My initial response to the first assignment was that it was going to constitute a lot of drawing. I have done some drawing at Uni but I found that it can take me ages and I am very often not happy with the result. But looking at the examples given in the course handbook and the suggestions of other artists to look at relaxed me a little, and I realised I didn’t have to produce a huge folio of photo realistic drawing. Instead the exercises took me through a range of different possibilities for drawing and I was reasonably happy with the results. I didn’t feel lost as to where to start as the exercise notes were enough of a push for the ideas to start flowing. Placing limitations on me in terms of colour and trying to represent only a specific feature about the textile gave me the freedom to experiment and I thoroughly enjoyed all the exercises.
Selection of the textile works was an adventure in itself, and I enjoyed examining each piece closely and imagining the stitcher and the wearer, and what their story may have been. I experimented with a range of drawing techniques using only ink or watercolour, on a variety of papers. I was especially drawn to the line exercise and was amazed at what I could portray using line alone. I was excited by this but ran out of time at this stage to experiment further.
Moving on to Project Three I decided to use watercolour and ink again. I didn’t feel like I had fully explored its potential and wanted to play with the wet media seeping into soft paper. I have mostly used recycled paper and my works are nearly all the same size. I haven’t been too adventurous with composition but I have tried to think about using the whole sheet in some of the works. I love colour and was pleased to be finally using colour. I had a limited palette of watercolours and I attempted to mix the shades of green I saw, but was less successful at this than I would have liked.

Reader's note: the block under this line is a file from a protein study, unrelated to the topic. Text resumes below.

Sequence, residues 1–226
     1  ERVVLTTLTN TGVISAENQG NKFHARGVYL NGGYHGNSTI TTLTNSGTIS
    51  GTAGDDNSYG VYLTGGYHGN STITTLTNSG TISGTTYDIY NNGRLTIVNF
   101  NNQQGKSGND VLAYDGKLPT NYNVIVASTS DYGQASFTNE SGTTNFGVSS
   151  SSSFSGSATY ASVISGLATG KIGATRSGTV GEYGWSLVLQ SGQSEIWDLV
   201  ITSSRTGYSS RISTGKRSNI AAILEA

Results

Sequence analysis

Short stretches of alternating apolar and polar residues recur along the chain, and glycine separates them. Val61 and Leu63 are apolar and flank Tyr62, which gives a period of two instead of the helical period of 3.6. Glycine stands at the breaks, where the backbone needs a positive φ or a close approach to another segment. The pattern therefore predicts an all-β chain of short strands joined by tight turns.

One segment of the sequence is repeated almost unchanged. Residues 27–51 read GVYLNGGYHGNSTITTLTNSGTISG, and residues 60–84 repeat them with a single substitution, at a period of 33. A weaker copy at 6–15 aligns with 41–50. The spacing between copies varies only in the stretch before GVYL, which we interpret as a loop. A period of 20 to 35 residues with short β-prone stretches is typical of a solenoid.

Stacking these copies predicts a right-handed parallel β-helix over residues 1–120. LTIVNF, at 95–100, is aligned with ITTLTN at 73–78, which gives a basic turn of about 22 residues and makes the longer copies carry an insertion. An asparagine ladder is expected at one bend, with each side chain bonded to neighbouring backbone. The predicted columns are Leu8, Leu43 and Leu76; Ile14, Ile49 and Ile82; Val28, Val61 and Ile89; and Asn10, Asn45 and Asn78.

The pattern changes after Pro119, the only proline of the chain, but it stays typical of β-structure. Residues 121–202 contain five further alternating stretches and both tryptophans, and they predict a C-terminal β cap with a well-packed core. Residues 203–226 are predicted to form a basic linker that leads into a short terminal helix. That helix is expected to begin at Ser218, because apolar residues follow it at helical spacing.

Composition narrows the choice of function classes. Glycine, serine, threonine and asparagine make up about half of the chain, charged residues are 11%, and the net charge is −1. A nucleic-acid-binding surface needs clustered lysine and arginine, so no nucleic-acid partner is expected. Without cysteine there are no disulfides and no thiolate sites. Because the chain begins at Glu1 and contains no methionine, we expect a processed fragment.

I think I have definitely broadened my drawing skills through these exercises. I tried to think laterally about how I could create work and found that I was never stuck about where to start. In fact the opposite: I had lots of ideas and not enough time to execute them.
From now on I’m thinking that a lot of my textile work will start with drawing. Taking a source material through a range of manipulations that I subsequently work from, seems like a fun and effective way to develop and test ideas before committing to a final piece. It also serves to provide additional secondary sources of inspiration that would result in a more complex and less representational work. I am looking forward to transferring line into stitch now that my eyes have been opened to the potential of line in drawing.